Inside the huge consumer backlash against Star Wars Battlefront II
Star Wars Battlefront II hit shelves across Canada on Friday, and while the game's release has been hotly anticipated for months, the backlash against has been equally heated.
This week, the video game's publisher faced a massive consumer revolt over accusations that Battlefront II encourages competitive players to "pay to win" — not to mention accusations that the game's monetization scheme amounts to gambling for kids.
The animations that the developers use, the sound effects that they use, the flourish when you open them, the sense of satisfaction of taking a prize — it all very much rings towards gambling.-Andrea Rene, co-host of the podcast What's Good Games
The rebellion among the game's fanbase was ignited when people discovered they couldn't play as the game's most desirable characters right out of the box.
Instead, gamers who wanted to play as Luke Skywalker or Darth Vader had to play the game for hours on end — or spend real-life money to buy access.
After a series of dramatic public relation backfires, the game's publisher, EA, said it would temporarily disable the controversial features. The move came on Thursday night, just hours before the game's release.
EA temporarily removed the ability to buy "crystals," an in-game currency that could be used indirectly to purchase access to the franchise's signature heroes and villains.
"We hear you loud and clear, so we're turning off all in-game purchases," wrote Oskar Gabrielson, the general manager of DICE, an EA subsidiary that developed the new Star Wars game.
"We will now spend more time listening, adjusting, balancing and tuning."
Why are people so angry?
Battlefront II is not unique in including these in-game purchases, thanks in part to the rising cost of game development. Many other games released this year had a similar feature.
The trigger for this particular bout of outrage is that fans felt the game requires competitive players to "pay to win," gaming podcast host Andrea Rene tells Day 6's Brent Bambury.
"Players who are buying these extra transactions are getting a power advantage over players who don't buy them, which is really why people were very upset," says Rene, who co-hosts the What's Good Games podcast.
Crystals could be used to purchase "loot crates," collections of in-game items, some of which could be converted into credits that enabled players to purchase signature characters like Luke Skywalker and Darth Vader.
Those characters, which could be used in the game's popular competitive multiplayer mode, were much more powerful than the characters available to most players.
Credits could be earned by playing through the game's story or by playing multiplayer matches, among other activities.
But these characters originally cost 60,000 credits each, which by one estimate would have taken players roughly 40 hours of play to attain.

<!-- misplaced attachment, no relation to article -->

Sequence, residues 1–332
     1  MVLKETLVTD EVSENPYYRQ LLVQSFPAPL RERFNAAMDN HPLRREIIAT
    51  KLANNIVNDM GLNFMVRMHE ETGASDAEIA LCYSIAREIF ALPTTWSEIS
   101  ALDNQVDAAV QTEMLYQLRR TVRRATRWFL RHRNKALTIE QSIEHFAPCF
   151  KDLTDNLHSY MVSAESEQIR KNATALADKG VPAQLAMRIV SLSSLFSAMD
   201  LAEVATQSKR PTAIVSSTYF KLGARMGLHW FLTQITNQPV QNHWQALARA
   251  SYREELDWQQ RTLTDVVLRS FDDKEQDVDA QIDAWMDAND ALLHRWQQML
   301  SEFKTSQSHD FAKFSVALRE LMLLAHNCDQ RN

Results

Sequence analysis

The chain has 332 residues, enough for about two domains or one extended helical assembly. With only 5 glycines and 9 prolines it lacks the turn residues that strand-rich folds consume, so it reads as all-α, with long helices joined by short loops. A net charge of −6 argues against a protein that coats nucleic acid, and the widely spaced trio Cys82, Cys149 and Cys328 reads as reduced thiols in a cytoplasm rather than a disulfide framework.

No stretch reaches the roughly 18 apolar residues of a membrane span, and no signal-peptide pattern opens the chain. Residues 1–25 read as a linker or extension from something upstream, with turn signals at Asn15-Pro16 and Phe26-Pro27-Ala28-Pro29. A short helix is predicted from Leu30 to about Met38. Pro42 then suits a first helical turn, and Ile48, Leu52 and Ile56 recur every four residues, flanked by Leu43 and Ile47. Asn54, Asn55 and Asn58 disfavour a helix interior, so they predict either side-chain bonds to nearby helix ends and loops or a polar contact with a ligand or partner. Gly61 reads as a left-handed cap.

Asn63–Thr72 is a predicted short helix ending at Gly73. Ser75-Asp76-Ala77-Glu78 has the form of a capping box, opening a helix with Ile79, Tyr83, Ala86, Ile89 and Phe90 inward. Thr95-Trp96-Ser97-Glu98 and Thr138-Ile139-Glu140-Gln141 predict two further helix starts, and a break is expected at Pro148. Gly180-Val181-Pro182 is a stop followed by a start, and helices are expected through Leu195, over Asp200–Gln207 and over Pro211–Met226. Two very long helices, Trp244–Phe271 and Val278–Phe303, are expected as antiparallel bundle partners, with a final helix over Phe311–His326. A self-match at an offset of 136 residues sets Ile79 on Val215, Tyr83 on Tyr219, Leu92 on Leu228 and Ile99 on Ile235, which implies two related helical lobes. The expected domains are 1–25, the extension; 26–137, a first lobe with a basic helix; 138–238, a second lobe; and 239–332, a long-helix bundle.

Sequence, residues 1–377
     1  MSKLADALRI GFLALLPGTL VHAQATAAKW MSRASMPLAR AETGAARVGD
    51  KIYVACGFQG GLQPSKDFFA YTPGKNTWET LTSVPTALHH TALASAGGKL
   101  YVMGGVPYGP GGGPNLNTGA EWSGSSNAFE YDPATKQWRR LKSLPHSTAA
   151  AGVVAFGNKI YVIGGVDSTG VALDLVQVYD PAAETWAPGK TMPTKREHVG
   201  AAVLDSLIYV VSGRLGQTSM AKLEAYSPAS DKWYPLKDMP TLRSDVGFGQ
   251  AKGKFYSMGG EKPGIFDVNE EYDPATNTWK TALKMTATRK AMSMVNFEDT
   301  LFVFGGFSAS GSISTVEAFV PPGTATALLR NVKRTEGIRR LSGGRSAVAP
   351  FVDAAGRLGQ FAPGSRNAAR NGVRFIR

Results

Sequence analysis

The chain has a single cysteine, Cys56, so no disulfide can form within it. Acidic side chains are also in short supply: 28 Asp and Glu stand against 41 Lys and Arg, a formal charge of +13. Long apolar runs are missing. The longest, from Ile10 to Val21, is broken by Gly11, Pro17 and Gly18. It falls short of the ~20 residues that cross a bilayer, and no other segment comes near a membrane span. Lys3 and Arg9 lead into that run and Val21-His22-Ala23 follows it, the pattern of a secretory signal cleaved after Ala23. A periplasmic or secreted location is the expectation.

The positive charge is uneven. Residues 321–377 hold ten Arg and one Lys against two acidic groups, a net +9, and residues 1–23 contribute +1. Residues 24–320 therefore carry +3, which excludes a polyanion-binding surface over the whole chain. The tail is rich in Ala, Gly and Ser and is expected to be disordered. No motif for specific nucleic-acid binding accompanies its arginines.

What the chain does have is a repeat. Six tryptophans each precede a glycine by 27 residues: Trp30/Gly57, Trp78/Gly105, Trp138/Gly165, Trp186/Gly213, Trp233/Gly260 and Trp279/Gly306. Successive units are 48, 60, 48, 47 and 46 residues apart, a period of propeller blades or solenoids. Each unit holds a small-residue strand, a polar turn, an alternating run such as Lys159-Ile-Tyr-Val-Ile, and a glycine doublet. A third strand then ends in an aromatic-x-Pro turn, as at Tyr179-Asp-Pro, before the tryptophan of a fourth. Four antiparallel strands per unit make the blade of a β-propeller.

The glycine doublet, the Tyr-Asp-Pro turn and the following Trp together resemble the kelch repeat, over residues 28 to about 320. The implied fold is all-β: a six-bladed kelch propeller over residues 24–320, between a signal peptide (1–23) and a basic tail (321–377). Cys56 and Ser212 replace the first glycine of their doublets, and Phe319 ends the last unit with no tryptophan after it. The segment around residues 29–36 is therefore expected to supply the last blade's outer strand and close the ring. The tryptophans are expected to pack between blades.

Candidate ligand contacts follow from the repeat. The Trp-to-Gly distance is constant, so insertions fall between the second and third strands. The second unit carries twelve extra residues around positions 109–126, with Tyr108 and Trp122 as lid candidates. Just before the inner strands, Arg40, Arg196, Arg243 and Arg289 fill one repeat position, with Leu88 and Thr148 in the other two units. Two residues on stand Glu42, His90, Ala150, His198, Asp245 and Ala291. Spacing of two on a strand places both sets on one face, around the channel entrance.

Before backing off completely, EA reduced these costs by 75 per cent across the board on Monday after their initial response to the outrage became the most downvoted comment in the history of Reddit, a popular online social platform.
Is this gambling?
Futher complicating the controversy around Battlefront II is the fact that its "loot crates" have attracted investigations from gambling authorities in Europe.
EA has denied that the loot crates, which randomly provide players with items of varying value and utility within the game, are a form of gambling.
Still, the experience of buying one of these crates does feel a bit like a slot machine, Rene says.
"The animations that the developers use, the sound effects that they use, the flourish when you open them, the sense of satisfaction of taking a prize — it all very much rings towards gambling."
But Rene notes that no U.S. authority has identified loot crates as a form of gambling.
I'm still going to play this game, and I think millions of other fans of Star Wars are still going to play this game too.- Andrea Rene, co-host of the podcast What's Good Games
Loot crates have become a bigger part of gaming as development costs have skyrocketed for blockbuster games. Most tentpole releases cost hundreds of millions of dollars, with development teams spanning the globe.
The actual price of buying these games, however, has stayed relatively static.
In the U.S., games have been priced around $60 for at least a decade. In Canada, the price has fluctuated depending on the strength of the Canadian dollar. As of late, prices have increased to $80 CAD.
"I certainly think the cost of buying games needs to go up," says Rene. "Clearly these publishers and developers are looking for additional ways to finance their games."
Can the system be fixed?
For some fans, EA's decision to remove all microtransactions from the game doesn't go far enough. The company has stated it intends to reintroduce the in-game currency at a later date.
Heather Alexandra, a staff writer for the gaming news and review outlet Kotaku, argues the game still has the same structural issues it did before the removal. It still keeps players near loot boxes, and it's still designed to keep players on its progression treadmill.
"It's a terrible system and I worry that, depending on the form any changes take, players will still make real money purchases to bypass the process. That's the point, after all," Alexandra, who reviewed the game, tells Day 6.
Whatever issues the game may have, Star Wars Battlefront II may be a success regardless.
The game's story mode has a female lead, a rarity of its own kind in action games.
Beyond that, the Star Wars brand and the series' popularity could be enough to carry the game to profit.
"I'm still going to play this game and I think millions of other fans of Star Wars are still going to play this game too," Rene says.
To hear the full interview with Andrea Rene, download our podcast or click the 'Listen' button at the top of this page.